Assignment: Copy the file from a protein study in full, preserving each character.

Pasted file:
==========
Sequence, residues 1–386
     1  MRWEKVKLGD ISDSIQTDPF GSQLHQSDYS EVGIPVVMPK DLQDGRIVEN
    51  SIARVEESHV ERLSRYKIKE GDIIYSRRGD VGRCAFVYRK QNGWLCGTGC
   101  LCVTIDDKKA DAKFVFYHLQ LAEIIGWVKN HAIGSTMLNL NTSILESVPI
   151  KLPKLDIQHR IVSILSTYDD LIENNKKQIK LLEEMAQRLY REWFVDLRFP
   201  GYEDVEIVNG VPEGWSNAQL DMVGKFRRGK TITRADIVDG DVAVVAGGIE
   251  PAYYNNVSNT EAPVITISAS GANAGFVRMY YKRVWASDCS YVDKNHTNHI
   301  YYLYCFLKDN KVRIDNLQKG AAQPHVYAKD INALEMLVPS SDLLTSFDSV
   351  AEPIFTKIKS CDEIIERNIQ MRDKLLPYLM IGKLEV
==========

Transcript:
Sequence, residues 1–386
     1  MRWEKVKLGD ISDSIQTDPF GSQLHQSDYS EVGIPVVMPK DLQDGRIVEN
    51  SIARVEESHV ERLSRYKIKE GDIIYSRRGD VGRCAFVYRK QNGWLCGTGC
   101  LCVTIDDKKA DAKFVFYHLQ LAEIIGWVKN HAIGSTMLNL NTSILESVPI
   151  KLPKLDIQHR IVSILSTYDD LIENNKKQIK LLEEMAQRLY REWFVDLRFP
   201  GYEDVEIVNG VPEGWSNAQL DMVGKFRRGK TITRADIVDG DVAVVAGGIE
   251  PAYYNNVSNT EAPVITISAS GANAGFVRMY YKRVWASDCS YVDKNHTNHI
   301  YYLYCFLKDN KVRIDNLQKG AAQPHVYAKD INALEMLVPS SDLLTSFDSV
   351  AEPIFTKIKS CDEIIERNIQ MRDKLLPYLM IGKLEV